There's an art to reading company announcements. Take this one from Stack Overflow. Underneath all the puffery, the message is simple:
- Business is terrible.
- Tacking on "AI" didn't help.
- In order to avoid taking even bigger loses, the company is cutting expenses by laying off good people.
One of the "approximately 28%" laid off today was Catija. I was one of the interviewers when she was hired and one of my interview questions was something along the lines of:
Describe your favorite feature on our sites.
I literally didn't care about the answer1 but I wanted to know if the person I was interviewing understood how the site operates. It also sparked conversations such as how downvotes encourage empathy or whether a question sandbox would reduce the need to close questions.
But all of that was a prelude to my real question:
What would happen if that feature needed to be removed? What problems would that cause?
When I interviewed Catija, her favorite feature was voting,2 so I asked what would happen if downvoting were removed. My focus was on this angle because whenever someone came to the company without previous Stack Exchange experience, they'd have questions why we allow downvotes. One of these days someone will finally get their way and eliminate downvotes. When that time come, they will want someone like Catija on the team.
I didn't ask this question to be a jerk, but because being a community management means advocating for the company. It's a tiny bit like being a defense attorney where you gotta fight for the best outcome for your client whether or not they are guilty. Companies make dumb decisions sometimes and a community manager might be called on to communicate their decisions. A good community manager finds the best way to deliver bad news. An exceptional community manager pushes back so that the company can achieve its goals without destroying the trust of the community.
Catija's answers to my interview questions showed she had the capacity to be exceptional at the role. Her performance on the job demonstrated her growing excellence as a community manager. Her last project for Stack Exchange Inc. is still featured on Meta Stack Exchange:
She wasn't advocating for the removal of downvotes, but for removing the reputation requirement for voting. It's a radical idea. The moderators heard about it before the decision that ignited the moderator strike so they started waiting for it to be announced too. On Meta Discord server this potential change was labeled "the second shoe". So you can imagine how unpopular the idea was going to be. Catija pushed back and advocated for a slower experiment designed to test the concept without breaking a bunch of communities all at once. It's worth trying, though I wonder who will champion it now.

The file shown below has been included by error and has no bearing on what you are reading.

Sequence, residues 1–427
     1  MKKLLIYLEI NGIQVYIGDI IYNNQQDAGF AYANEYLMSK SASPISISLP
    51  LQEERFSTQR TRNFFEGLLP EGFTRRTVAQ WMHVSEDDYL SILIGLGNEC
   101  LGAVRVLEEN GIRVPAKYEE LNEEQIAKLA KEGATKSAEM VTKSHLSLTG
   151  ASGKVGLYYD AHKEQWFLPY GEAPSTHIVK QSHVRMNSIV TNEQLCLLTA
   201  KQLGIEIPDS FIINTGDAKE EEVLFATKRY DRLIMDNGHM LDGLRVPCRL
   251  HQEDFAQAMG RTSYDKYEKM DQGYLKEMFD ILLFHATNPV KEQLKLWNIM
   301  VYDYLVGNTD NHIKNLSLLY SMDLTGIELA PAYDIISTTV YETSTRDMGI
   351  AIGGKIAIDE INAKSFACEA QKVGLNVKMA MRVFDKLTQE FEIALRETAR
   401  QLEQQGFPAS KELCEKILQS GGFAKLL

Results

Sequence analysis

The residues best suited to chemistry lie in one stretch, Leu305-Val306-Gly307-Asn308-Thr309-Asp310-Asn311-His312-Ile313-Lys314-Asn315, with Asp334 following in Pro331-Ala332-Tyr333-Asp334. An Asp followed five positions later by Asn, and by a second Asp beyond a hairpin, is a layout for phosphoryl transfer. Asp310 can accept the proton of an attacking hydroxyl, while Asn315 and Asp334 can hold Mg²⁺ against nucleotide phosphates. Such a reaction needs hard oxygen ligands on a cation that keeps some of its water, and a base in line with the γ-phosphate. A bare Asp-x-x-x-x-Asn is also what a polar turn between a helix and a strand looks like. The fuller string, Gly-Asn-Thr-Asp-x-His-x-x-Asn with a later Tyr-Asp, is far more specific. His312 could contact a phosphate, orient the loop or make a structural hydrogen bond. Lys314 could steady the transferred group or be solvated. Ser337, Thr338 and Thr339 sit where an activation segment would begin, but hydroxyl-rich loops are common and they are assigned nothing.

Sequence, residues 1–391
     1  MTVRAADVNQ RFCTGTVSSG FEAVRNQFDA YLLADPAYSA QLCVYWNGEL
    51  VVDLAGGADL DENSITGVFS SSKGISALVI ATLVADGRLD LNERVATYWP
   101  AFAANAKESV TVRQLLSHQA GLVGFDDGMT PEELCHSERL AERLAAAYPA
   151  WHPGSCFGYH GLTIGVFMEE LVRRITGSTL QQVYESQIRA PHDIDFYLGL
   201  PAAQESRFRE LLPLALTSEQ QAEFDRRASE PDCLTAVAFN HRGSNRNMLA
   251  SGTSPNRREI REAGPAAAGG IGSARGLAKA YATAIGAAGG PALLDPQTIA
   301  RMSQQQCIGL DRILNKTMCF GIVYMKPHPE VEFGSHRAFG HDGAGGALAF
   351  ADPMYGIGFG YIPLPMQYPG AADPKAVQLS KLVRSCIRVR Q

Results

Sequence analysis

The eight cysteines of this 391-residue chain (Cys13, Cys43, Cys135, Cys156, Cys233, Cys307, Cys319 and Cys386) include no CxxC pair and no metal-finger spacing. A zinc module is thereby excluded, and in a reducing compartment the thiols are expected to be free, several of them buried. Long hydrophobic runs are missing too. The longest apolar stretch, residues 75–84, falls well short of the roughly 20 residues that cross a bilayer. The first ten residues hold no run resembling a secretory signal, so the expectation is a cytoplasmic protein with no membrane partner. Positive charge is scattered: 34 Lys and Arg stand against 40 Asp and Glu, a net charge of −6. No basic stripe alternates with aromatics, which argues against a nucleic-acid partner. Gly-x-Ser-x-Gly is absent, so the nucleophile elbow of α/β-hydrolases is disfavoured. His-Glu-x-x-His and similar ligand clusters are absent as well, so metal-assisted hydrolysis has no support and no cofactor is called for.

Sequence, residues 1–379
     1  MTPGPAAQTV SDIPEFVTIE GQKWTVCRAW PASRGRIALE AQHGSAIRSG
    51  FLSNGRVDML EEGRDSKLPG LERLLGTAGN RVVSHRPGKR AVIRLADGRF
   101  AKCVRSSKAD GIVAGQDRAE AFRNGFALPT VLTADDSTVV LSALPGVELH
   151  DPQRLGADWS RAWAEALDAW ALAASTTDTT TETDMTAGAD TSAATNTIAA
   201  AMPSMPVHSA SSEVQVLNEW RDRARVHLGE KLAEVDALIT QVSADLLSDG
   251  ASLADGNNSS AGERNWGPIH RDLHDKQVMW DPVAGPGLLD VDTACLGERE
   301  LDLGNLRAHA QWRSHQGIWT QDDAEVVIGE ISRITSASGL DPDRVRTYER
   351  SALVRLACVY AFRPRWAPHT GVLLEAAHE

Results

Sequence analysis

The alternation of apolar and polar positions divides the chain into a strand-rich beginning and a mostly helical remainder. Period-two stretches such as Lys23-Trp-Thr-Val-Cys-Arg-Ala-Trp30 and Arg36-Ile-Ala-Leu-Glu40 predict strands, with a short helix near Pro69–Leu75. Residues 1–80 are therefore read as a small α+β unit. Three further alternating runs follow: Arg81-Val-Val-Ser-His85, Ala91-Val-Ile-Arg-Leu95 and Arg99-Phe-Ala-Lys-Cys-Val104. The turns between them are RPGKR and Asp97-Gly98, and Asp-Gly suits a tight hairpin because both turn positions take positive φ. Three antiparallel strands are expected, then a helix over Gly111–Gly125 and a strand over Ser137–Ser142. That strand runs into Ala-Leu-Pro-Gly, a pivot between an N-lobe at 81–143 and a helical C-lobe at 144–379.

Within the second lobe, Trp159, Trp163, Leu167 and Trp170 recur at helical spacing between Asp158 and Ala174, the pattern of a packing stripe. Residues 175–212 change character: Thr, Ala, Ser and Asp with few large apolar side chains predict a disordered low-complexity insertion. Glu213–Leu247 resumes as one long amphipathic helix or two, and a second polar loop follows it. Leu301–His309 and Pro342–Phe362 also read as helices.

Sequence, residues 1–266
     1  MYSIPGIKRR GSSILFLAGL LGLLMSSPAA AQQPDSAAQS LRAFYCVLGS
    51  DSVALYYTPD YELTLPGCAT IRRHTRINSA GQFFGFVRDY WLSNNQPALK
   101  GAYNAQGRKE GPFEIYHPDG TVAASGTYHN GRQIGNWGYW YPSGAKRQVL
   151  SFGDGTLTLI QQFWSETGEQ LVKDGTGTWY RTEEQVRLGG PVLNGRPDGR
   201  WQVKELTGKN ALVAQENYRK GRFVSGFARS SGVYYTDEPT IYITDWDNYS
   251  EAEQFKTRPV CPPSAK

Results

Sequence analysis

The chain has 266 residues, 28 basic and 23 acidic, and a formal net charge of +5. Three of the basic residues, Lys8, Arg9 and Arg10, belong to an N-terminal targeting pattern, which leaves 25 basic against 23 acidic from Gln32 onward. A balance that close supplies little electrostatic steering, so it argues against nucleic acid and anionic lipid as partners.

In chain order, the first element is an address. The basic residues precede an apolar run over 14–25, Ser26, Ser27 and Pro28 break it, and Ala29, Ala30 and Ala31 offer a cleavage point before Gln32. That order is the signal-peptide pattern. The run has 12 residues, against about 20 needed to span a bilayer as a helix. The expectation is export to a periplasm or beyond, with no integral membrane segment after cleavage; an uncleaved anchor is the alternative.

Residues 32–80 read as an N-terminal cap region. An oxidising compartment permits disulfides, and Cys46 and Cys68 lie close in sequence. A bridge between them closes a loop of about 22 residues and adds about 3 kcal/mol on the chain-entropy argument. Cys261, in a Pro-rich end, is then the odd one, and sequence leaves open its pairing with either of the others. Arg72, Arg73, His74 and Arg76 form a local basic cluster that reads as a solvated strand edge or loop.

Companies routinely undervalue community management because they can't properly value community trust. That's because executives never seem to remember that people can just decide to leave. Or just as bad, forget to come one day. It's like John Bull (@garius) wrote:
Users and readers will stick to what they know, and use, well beyond the point where they start to lose trust in it. And you won't see that. But they'll only move when they hit the Trust Thermocline. The point where their lack of trust in the product to meet their needs, and the emotional investment they'd made in it, have finally been outweighed by the physical and emotional effort required to abandon it.
For those of you who have forgotten their oceanography, the thermocline is the depth where the sun's radiation can't reach to heat the water. Temperature stays steady enough as you go deeper until it falls rapidly in the thermocline:
By analogy, communities can lose trust for a while without any obvious effect. But that doesn't mean there's no limit. So this is an awkward situation where there's no apparent downside to neglecting a community until there very much is a downside. People like Catija can detect problems far sooner than anyone else and take action to build up trust before it's lost forever. That's when the job shifts to advocating for the community with the company.
Or maybe it's always a balance between the two going back and forth to make sure each side has a better understanding of the other today than they had yesterday. And meanwhile both community and company change and grow and drift so there's never a fixed point. No fixed point except for people who Catija who make it their mission to understand the community. Stack Overflow doesn't know it yet, but they will miss Catija in time.